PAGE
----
# Fermat number

(Redirected from Fermat prime)

In mathematics, a Fermat number, named after Pierre de Fermat who first studied them, is a positive integer of the form

[itex]F_{n} = 2^{(2^n)} + 1[itex]

where n is a nonnegative integer. The first eight Fermat numbers are Template:OEIS:

F0 = 21 + 1 = 3
F1 = 22 + 1 = 5
F2 = 24 + 1 = 17
F3 = 28 + 1 = 257
F4 = 216 + 1 = 65537
F5 = 232 + 1 = 4294967297 = 641 × 6700417
F6 = 264 + 1 = 18446744073709551617 = 274177 × 67280421310721
F7 = 2128 + 1 = 340282366920938463463374607431768211457 = 59649589127497217 × 5704689200685129054721

Only the first 12 Fermat numbers have been completely factorised. These factorisations can be found at Prime Factors of Fermat Numbers (http://www.prothsearch.net/fermat.html)

If 2n + 1 is prime, it can be shown that n must be a power of 2. (If n = ab where 1 < a, b < n and b is odd, then 2n + 1 ≡ (2a)b + 1 ≡ (−1)b + 1 ≡ 0 (mod 2a + 1).) In other words, every prime of the form 2n + 1 is a Fermat number, and such primes are called Fermat primes. The only known Fermat primes are F0,...,F4.

 Contents

## Basic properties

The Fermat numbers satisfy the following recurrence relations

[itex]F_{n} = (F_{n-1}-1)^{2}+1[itex]
[itex]F_{n} = F_{n-1} + 2^{2^{n-1}}F_{0} \cdots F_{n-2}[itex]
[itex]F_{n} = F_{n-1}^2 - 2(F_{n-2}-1)^2[itex]
[itex]F_{n} = F_{0} \cdots F_{n-1} + 2[itex]

for n ≥ 2. Each of these relations can be proved by mathematical induction. From the last equation, we can deduce Goldbach's theorem: no two Fermat numbers share a common factor. To see this, suppose that 0 ≤ i < j and Fi and Fj have a common factor a > 1. Then a divides both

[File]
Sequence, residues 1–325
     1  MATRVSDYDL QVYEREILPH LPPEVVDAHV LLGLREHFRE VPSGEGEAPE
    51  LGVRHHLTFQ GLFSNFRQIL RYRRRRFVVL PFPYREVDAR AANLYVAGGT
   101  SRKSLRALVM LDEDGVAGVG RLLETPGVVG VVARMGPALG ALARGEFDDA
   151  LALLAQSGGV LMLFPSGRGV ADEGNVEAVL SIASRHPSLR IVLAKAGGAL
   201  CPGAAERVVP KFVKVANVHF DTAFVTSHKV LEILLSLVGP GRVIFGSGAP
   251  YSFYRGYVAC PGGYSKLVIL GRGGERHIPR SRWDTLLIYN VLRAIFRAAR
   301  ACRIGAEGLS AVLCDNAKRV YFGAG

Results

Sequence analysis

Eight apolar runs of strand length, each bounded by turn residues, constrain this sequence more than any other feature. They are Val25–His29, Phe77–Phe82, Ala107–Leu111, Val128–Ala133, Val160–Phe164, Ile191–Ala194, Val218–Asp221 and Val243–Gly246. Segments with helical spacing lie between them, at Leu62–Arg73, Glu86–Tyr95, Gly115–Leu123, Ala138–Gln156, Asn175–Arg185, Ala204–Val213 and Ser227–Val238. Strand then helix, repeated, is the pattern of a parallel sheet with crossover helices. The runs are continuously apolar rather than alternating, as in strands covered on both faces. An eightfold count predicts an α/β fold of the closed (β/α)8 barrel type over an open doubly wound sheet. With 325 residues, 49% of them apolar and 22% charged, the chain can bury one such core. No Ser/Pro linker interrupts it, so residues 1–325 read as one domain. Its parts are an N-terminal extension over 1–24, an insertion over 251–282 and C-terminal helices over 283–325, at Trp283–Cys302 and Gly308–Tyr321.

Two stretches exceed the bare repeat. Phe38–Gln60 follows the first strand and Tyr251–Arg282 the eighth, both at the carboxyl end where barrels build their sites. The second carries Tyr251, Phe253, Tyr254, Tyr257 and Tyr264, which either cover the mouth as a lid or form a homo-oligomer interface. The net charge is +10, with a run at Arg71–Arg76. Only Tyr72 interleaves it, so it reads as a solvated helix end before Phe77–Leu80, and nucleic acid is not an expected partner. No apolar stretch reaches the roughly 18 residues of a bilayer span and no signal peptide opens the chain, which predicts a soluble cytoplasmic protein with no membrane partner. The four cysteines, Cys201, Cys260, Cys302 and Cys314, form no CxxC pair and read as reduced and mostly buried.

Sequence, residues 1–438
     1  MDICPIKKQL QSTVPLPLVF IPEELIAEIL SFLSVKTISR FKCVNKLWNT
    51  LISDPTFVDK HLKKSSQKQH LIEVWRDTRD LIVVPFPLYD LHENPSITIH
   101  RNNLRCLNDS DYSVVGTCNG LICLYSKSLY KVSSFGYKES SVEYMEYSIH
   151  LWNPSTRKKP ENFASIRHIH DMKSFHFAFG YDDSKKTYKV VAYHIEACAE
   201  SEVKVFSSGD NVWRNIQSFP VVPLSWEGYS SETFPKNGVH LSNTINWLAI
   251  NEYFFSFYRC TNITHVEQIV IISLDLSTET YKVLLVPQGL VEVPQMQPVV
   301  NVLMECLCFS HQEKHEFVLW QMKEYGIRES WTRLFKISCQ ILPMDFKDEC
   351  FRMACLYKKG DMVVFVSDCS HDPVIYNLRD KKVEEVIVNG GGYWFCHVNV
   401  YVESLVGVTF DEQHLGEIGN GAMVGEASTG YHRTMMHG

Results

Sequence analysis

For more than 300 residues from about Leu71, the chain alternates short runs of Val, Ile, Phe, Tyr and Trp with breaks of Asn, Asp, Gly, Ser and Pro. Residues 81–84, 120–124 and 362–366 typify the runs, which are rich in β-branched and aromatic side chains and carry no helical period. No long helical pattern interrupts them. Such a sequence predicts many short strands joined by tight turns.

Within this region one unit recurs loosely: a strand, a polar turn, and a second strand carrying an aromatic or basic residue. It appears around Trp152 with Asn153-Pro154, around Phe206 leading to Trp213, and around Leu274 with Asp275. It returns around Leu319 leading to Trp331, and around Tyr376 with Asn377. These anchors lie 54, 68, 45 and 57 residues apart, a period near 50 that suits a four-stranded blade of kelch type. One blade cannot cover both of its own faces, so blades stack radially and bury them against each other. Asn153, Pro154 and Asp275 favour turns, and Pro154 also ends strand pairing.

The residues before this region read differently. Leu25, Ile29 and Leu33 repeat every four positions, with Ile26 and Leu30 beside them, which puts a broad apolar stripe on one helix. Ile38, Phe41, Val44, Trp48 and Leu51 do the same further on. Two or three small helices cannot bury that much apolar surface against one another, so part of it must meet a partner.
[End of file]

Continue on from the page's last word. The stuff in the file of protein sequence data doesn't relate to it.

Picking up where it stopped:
[itex]F_{0} \cdots F_{j-1}[itex]

and Fj; hence a divides their difference 2. Since a > 1, this forces a = 2. This is a contradiction, because each Fermat number is clearly odd. As a corollary, we obtain another proof of the infinitude of the prime numbers: for each Fn, choose a prime factor pn; then the sequence {pn} is an infinite sequence of distinct primes.

Here are some other basic properties of the Fermat numbers:

• If n ≥ 2, then Fn ≡ 17 or 41 (mod 72). (See modular arithmetic)
• If n ≥ 2, then Fn ≡ 17, 37, 57, or 97 (mod 100).
• The number of digits D(n,b) of Fn expressed in the base b is
[itex]D(n,b) = \lfloor \log_{b}\left(2^{2^{n}}+1\right)+1 \rfloor \approx \lfloor 2^{n}\,\log_{b}2+1 \rfloor [itex] (See floor function)
• No Fermat number can be expressed as the sum of two primes, with the exception of F1 = 2 + 3.
• No Fermat prime can be expressed as the difference of two pth powers, where p is an odd prime.

## Primality of Fermat numbers

Fermat numbers and Fermat primes were first studied by Pierre de Fermat, who conjectured that all Fermat numbers are prime. Indeed, the first five Fermat numbers F0,...,F4 are easily shown to be prime. However, this conjecture was refuted by Leonhard Euler in 1732 when he showed that

[itex] F_{5} = 2^{2^5} + 1 = 2^{32} + 1 = 4294967297 = 641 \cdot 6700417 \; [itex]

It is interesting to note how Euler found this factorization. Euler had proved that every factor of Fn must have the form k2n+1 + 1. For n = 5, this means that the only possible factors are of the form 64k + 1. It did not take Euler very long to find the factor 641 = 10×64 + 1.

It is widely believed that Fermat was aware of Euler's result, so it seems curious why he failed to follow through on the straightforward calculation to find the factor. One common explanation is that Fermat made a computational mistake and was so convinced of the correctness of his claim that he failed to double-check his work.

There are no other known Fermat primes Fn with n > 4. In fact, each of the following is an open problem:

• Is Fn composite for all n > 4?